NASA’s Perseverance Mars Rover Captures Stunning Martian Sunset and Valuable Science Images

Mastcam-Z’s First Martian Sunset: The first Mastcam-Z image of the Martian sunset acquired from Jezero crater on sol 257 of the mission. Martian sunsets typically stand out for their distinctive blue color. Fine dust in the atmosphere permits blue light to penetrate the atmosphere more efficiently than colors with longer wavelengths. But this sunset looks different: less dust in the atmosphere resulted in a more muted color than average. The color has been calibrated and white-balanced to remove camera artifacts. Credit: NASA/JPL-Caltech/ASU/MSSS

The Perseverance rover is equipped with a large suite of cameras—23 to be exact—which collectively enable a wide range of scientific investigations and engineering activities. Since the rover’s touchdown in Jezero crater, these cameras have served as our eyes on the ground. In less than a year, the rover has already returned thousands of stunning images of local surface features, which have provided our first in situ look at rocks on the crater floor and within the crater’s well-preserved delta. Images obtained from rover cameras are critical for interpreting the crater’s geologic history and identifying potential biosignatures in the Jezero crater rock record, a major focus of the mission.

Mars Perseverance Sol 157 – Right Navigation Camera: Navcam image acquired on sol 157 captures an active dust devil in Jezero crater (in top right). Credit: NASA/JPL-Caltech

Yet, these cameras are used to image more than just rocks. Every week, the rover team also acquires a large number of images of the sky and atmosphere around the rover, which allow researchers to study environmental dynamics and weather patterns. The rover’s Navcam is commonly used to search for clouds in the sky and evidence of dust lifting on the surface, such as dust-filled vortices, known as dust devils, and other wind-driven dust events. Images captured from the Mars Environmental Dynamics Analyzer’s SkyCam are frequently used to study atmospheric opacity (tau), which fluctuates depending on the amount of dust in the atmosphere. Typically, between two to four SkyCam images are acquired each sol, deliberately spread across different local times in order to assess diurnal changes in dust loading. Mastcam-Z images are also occasionally used to supplement SkyCam tau observations.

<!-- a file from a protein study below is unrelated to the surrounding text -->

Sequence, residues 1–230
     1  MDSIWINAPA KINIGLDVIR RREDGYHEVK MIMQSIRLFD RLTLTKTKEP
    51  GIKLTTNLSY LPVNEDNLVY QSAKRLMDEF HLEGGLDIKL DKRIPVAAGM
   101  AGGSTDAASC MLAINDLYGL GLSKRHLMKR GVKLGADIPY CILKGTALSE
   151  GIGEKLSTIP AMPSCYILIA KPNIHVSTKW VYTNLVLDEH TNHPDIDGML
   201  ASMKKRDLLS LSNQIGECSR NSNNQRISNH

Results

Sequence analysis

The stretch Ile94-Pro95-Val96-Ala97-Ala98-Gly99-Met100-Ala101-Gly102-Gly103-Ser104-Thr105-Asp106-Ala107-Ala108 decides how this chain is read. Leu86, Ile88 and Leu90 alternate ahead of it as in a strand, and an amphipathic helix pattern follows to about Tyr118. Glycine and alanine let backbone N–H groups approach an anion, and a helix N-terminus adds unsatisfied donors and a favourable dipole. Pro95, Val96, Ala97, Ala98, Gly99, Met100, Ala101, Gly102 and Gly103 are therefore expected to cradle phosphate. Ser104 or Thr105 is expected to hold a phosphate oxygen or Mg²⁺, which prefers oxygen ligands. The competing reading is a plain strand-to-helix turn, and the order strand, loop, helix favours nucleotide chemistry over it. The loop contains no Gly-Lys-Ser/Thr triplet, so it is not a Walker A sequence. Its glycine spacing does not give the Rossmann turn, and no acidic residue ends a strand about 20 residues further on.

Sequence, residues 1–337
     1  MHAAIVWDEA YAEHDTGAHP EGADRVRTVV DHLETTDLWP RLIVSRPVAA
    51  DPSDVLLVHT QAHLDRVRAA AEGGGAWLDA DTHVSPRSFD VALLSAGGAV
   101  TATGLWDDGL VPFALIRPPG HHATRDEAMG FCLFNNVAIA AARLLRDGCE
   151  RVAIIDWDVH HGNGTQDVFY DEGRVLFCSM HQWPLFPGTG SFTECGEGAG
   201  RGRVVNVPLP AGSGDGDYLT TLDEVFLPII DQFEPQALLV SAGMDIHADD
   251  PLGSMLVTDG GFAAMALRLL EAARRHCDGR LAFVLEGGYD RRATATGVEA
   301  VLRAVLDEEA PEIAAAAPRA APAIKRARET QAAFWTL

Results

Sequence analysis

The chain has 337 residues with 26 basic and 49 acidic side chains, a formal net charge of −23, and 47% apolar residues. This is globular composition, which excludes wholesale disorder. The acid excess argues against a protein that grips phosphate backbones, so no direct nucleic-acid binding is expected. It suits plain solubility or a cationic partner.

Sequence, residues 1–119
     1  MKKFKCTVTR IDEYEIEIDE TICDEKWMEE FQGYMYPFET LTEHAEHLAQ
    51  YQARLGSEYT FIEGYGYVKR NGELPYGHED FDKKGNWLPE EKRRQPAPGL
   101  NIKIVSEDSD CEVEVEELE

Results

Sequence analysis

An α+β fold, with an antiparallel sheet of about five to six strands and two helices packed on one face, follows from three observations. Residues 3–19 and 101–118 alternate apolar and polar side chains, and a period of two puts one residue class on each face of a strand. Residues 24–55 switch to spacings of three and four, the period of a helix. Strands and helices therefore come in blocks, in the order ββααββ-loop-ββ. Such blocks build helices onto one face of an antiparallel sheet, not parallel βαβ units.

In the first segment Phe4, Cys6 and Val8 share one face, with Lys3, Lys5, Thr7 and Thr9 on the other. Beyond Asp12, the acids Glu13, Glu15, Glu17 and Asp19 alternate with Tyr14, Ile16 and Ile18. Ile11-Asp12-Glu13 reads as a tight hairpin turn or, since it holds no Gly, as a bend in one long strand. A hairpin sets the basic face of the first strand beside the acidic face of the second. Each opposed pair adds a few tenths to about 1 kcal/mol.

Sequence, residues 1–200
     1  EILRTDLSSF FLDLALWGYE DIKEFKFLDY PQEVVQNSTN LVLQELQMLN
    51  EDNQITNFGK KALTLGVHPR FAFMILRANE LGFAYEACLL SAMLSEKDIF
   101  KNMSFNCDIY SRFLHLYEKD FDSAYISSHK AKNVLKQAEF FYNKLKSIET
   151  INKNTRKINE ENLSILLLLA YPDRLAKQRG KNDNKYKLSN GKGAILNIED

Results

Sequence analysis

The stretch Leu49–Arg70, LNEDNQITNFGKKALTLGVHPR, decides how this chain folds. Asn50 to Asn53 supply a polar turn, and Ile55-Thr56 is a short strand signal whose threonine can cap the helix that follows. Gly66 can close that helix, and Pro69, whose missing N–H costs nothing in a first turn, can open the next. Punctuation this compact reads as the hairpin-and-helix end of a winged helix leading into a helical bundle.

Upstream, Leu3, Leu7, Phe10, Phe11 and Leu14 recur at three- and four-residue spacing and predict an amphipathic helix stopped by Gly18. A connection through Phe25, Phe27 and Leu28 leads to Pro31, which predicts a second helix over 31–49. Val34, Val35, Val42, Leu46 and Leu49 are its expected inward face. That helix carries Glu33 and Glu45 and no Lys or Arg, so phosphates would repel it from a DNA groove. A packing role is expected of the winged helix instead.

This series of images from a navigation camera aboard NASA’s Perseverance rover shows a gust of wind sweeping dust across the Martian plain beyond the rover’s tracks on June 18, 2021 (the 117th sol, or Martian day, of the mission). Credit: NASA/JPL-Caltech

Over the last two weeks alone (sol 263–276), more than 60 atmospheric-focused activities have been conducted using rover cameras, including over 40 SkyCam images, roughly 10 Navcam dust devil observations, a handful of Navcam cloud images, and over a dozen Mastcam-Z tau images. On sol 257, one of these Mastcam-Z images provided a serendipitous observation: while the last of four tau images was scheduled too late in the evening to be used for opacity measurements, it was well-timed to provide the first sunset image of the mission.

For the remainder of Perseverance’s exploration of Jezero crater, the rover team will continue to regularly collect atmospheric observations to study weather and dust-lifting processes. While images of the surface will be used to study local geology and search for signs of ancient life, images of the sky will be used to characterize the Martian climate and to prepare for future human exploration of Mars.

Written by Mariah Baker, Planetary Scientist at Smithsonian National Air & Space Museum.

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